Mosquitoes are small (up to 15 mm), two-winged insects. They are easily distinguished from most other flies by a combination of the following characteristics: a long proboscis projecting forwards from the head; the presence of scales on the wing veins; a fringe of scales along the posterior margin of the wing; and a characteristic wing venation, the second, fourth and fifth longitudinal veins being branched (Goma, 1966).
Males and females can be differentiated by the form of the antennae. In males they are very plumose, while in females they only have a few short hairs.
Genera and species identification can be performed by standard entomological aspects such as exterior, arrangement of eggs, habitus etc. Further and newer techniques include biochemical techniques such as enzyme electrophoresis and gas chromatography of cuticular carbons, and DNA probes.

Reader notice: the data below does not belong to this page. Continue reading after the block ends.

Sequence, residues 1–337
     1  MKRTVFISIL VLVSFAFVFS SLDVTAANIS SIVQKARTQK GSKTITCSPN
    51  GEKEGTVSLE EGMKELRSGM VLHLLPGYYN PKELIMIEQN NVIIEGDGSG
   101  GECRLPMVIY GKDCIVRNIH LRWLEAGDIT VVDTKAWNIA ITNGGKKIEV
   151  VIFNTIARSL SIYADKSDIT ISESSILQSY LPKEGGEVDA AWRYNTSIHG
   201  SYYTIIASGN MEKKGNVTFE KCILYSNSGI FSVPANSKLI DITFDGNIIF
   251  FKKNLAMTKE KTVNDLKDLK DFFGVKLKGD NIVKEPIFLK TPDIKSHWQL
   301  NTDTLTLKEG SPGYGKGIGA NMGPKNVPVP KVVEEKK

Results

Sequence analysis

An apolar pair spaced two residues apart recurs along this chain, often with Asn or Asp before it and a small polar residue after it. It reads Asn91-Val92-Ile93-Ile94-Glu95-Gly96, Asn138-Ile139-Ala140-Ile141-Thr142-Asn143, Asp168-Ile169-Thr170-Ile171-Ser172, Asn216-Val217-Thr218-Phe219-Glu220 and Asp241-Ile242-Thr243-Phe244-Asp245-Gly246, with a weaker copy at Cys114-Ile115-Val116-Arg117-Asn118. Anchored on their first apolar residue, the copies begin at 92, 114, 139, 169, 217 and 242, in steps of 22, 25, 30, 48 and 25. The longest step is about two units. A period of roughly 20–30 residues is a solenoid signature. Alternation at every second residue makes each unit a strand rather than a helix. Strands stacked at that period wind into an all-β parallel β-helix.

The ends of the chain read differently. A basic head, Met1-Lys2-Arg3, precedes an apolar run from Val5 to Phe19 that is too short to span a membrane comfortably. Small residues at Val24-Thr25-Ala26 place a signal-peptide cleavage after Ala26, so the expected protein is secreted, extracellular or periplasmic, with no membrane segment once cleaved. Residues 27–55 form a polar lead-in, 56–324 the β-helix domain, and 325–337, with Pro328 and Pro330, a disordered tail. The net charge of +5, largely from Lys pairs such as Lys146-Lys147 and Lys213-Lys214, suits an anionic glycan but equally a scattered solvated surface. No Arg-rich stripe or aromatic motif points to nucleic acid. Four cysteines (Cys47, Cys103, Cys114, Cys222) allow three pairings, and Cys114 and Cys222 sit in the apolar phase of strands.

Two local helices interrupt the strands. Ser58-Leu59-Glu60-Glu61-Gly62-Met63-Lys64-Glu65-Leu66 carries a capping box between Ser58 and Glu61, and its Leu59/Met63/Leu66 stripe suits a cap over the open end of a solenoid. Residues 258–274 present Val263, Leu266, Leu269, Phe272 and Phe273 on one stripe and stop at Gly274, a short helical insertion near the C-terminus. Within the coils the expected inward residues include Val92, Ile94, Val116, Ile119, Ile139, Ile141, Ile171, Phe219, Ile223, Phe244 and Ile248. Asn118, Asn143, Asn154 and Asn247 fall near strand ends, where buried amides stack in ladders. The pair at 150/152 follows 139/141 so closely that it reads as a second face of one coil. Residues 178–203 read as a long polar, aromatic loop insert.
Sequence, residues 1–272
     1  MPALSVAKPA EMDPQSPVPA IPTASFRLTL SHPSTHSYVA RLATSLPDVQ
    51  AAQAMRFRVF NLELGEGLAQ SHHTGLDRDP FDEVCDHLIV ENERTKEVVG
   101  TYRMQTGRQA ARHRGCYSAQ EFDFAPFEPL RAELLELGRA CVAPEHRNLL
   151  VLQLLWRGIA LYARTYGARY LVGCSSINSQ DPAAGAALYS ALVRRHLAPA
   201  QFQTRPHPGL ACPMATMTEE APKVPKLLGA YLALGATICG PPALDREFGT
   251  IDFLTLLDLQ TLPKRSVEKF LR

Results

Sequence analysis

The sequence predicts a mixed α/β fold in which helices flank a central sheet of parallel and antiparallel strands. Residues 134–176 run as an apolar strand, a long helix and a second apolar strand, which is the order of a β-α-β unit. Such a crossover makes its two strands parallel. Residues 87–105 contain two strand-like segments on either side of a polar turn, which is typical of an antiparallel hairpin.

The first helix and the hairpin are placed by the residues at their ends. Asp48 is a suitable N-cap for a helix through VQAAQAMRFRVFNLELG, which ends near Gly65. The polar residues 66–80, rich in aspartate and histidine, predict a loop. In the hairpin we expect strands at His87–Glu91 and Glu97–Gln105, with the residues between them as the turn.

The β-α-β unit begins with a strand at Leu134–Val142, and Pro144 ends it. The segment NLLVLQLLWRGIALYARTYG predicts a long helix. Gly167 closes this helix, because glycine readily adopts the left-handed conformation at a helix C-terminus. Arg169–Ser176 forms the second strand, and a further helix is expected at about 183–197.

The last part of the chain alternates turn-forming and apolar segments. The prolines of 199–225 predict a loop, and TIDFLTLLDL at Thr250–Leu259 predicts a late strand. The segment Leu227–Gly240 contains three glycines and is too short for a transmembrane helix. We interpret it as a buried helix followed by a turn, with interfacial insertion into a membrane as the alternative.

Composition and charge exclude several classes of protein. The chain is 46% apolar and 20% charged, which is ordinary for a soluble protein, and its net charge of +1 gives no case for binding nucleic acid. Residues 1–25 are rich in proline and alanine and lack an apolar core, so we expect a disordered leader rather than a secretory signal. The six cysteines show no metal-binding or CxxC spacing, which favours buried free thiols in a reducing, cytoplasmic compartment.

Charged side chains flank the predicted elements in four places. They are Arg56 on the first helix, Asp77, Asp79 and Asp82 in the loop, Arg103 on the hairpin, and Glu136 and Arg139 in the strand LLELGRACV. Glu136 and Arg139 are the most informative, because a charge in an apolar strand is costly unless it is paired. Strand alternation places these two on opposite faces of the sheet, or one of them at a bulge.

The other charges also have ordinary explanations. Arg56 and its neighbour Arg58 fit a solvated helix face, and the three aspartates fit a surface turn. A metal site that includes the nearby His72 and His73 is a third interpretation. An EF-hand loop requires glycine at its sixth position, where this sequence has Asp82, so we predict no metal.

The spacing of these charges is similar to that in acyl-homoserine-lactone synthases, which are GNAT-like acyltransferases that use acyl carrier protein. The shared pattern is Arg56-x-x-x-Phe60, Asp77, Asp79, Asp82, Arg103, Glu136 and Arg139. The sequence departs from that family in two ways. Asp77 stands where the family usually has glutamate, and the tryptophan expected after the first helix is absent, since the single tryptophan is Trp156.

Mosquitoes are holometabola with the first stage differing completely from the last one in form, structure and habits. Most of the common and important mosquitoes as transmitters of pathogens for animal and man belong to four genera: Anopheles, Culex, Mansonia and Aedes.
They possess sensory organs in their antennae to recognise host and oviposition sites and the Johnston's organ in the basic segment by which males recognise wing beats of the females.
Goma LKH: The mosquito. 1966, Hutchinson Tropical Monographs, Hutchinson & Co. (Publishers) LTD, London